On October 10, rail workers in Norway went on a two-hour strike, bringing the country’s railway system to a halt. They were protesting the implementation of the European Union’s (EU) fourth railway regulations package, which is likely to weaken the country’s control of its services. The workers raised the demand that railway regulations in the country be formulated and decided on by Norwegian officials. Several railway unions, including the Norsk Lokomotiv-mannsforbund (NLF) and the Norsk Jernbaneforbund (NJF), participated in the strike.
According to reports, hundreds also gathered to protest the implementation of the regulations in front of the Norwegian parliament, the Storting, on Thursday, and held marches in several cities, including Trondheim, Bergen and Stavanger. Workers also rallied in the smaller communities of Østfold, Hamar, Kristiansand, Arendal, Bryne, Fauske, Bodø, Mosjøen, Mo i Rana, Grong, Steinkjer, Levanger, Stjørdal, Oppdal and Roros.
The 4th EU Railway Package is a set of six legislative texts, formulated in 2016, to complete the process of establishing a single market for rail services – the Single European Railway Area. Even though Norway is not a member of the EU, it has to comply with the regulations due to its membership of the European Economic Area Agreement.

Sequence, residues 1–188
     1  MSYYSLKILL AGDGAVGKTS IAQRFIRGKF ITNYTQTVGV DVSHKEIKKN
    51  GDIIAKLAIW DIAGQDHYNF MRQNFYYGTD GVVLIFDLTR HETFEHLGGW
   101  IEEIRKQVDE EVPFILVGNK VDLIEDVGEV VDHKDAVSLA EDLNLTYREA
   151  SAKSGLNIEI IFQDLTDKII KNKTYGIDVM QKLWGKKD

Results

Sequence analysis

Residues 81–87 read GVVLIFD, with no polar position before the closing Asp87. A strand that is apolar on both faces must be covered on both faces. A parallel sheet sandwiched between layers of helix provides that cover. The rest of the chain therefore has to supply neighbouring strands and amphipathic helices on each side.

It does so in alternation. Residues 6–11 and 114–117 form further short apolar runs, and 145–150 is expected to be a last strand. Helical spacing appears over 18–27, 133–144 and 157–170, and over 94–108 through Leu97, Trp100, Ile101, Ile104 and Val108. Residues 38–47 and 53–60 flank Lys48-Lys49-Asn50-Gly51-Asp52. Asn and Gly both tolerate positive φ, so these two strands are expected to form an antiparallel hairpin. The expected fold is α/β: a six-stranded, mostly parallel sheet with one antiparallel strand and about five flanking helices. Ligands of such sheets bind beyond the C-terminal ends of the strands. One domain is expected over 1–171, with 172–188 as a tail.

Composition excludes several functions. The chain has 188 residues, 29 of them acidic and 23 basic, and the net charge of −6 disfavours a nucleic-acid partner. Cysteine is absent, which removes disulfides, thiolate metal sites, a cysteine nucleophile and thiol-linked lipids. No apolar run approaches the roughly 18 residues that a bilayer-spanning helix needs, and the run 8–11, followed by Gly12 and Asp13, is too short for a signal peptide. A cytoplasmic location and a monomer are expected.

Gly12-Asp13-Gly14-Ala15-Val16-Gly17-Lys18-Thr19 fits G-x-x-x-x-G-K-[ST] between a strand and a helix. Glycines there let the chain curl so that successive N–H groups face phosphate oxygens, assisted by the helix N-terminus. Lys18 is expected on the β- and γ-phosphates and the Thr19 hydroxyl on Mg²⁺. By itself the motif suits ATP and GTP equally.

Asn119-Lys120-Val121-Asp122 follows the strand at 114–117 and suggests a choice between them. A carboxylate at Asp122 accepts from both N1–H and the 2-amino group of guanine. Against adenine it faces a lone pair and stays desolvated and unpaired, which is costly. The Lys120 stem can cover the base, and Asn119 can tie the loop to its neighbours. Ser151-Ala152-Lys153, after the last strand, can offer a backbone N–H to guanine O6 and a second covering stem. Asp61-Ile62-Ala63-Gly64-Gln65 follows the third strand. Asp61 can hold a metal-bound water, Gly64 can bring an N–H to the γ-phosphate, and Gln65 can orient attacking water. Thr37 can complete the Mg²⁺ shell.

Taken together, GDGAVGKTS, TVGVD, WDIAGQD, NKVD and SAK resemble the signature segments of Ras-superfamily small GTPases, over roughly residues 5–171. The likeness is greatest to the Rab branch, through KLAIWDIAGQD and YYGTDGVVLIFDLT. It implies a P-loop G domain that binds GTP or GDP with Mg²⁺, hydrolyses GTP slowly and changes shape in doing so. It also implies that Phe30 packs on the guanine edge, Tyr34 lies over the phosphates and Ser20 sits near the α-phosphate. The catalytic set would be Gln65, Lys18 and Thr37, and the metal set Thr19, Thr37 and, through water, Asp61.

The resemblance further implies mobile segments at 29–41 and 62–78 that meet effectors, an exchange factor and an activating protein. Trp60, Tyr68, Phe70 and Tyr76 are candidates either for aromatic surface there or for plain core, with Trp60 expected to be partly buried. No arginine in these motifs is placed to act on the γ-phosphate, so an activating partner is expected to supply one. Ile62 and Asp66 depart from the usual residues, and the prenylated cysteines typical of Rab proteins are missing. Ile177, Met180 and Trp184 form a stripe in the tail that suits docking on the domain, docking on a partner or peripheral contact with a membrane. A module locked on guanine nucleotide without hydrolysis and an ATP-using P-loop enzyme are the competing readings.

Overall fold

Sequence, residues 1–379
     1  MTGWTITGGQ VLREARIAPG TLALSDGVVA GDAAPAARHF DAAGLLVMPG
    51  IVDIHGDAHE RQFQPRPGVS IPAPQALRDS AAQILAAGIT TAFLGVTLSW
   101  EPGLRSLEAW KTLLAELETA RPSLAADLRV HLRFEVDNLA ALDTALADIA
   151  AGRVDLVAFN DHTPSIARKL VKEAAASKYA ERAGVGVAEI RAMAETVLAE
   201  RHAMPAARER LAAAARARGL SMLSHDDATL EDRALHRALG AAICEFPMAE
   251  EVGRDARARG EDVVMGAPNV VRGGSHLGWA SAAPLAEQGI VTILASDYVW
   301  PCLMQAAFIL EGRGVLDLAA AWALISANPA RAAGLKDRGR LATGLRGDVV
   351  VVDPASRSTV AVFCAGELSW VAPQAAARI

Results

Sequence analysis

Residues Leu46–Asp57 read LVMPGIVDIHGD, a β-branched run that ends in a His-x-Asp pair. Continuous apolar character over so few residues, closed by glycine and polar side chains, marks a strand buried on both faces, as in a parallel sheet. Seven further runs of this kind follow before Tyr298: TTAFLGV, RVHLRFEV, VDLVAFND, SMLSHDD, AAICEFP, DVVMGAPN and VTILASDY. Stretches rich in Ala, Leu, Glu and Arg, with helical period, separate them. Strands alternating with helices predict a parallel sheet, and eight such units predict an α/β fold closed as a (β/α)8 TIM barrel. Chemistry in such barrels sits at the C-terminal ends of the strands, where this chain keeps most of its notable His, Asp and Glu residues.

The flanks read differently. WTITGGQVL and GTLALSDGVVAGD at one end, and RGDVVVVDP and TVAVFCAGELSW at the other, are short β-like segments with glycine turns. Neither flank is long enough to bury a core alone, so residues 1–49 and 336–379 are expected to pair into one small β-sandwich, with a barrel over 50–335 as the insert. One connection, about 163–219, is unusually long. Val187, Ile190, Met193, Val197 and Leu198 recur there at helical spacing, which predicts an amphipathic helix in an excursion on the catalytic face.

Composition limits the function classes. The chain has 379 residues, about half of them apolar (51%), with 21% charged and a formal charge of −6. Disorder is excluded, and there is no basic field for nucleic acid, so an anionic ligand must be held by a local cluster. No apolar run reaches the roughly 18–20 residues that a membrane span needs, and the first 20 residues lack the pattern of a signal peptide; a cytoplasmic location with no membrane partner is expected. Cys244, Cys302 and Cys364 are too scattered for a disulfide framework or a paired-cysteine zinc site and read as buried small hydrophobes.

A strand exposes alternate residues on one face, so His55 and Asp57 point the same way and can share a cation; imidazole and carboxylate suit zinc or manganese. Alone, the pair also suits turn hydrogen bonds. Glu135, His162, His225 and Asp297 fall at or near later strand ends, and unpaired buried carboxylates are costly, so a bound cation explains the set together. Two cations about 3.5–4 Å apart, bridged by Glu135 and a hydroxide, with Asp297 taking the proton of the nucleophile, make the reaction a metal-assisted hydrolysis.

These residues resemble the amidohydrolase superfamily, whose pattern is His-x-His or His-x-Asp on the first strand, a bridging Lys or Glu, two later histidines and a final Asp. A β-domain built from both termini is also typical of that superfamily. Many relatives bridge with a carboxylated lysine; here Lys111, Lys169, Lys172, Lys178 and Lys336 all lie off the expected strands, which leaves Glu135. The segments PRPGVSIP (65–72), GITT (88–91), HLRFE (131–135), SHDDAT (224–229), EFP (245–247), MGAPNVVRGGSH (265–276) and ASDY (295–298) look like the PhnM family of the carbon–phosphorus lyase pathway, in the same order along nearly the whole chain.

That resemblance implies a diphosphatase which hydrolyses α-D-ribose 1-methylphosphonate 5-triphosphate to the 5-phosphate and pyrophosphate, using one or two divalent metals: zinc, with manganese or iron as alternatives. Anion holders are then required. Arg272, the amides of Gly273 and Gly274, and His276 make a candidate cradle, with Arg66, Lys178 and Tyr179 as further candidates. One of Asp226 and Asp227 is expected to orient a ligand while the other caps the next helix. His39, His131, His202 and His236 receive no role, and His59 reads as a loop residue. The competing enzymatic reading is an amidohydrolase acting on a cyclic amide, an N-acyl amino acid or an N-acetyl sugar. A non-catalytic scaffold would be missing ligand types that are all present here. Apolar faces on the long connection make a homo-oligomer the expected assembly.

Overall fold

According to the unions, the implementation of the package will give the EU’s railway agency authority over Norwegian rail services. Norsk Jernbaneforbund (NJF) said Norway will be deprived of its own railways as bidding and competition over passenger traffic is promoted and made compulsory. Evaluations of forthcoming tenders will become meaningless because elected Norwegian officials will lose their decision-making powers over them.
Additionally, the package removes Norway’s jurisdiction over railway safety regulations, which could also jeopardize the safety of passengers and other rail services. The authority to issue safety certificates to train companies will shift from Norway’s National Railway Inspectorate to the European Union Agency for Railways (ERA). The ERA has consistently been working to remove laws and regulations mandating security requirements. It has sought to transfer the responsibility to individual companies. Norwegian railway management will also not be able to decide on the competence of railway employees, the NJF added.
Communist Party of Norway leader Runa Evensen expressed solidarity with the rail workers’ strike. She said that the previous railway regulation packages from the EU (I,II & III) had resulted in increased competition and privatization in both the domestic and international rail routes within EU countries. She added that the adoption of Package IV would accelerate this process and compromise Norway’s sovereignty and control over its railways.
Given the grave repercussions, the rail unions have called for more protests at the end of the month.